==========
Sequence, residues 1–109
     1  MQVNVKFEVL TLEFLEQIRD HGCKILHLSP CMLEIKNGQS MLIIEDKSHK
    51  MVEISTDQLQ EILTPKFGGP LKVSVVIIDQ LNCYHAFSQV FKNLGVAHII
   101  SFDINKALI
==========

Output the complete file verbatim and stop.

Sequence, residues 1–109
     1  MQVNVKFEVL TLEFLEQIRD HGCKILHLSP CMLEIKNGQS MLIIEDKSHK
    51  MVEISTDQLQ EILTPKFGGP LKVSVVIIDQ LNCYHAFSQV FKNLGVAHII
   101  SFDINKALI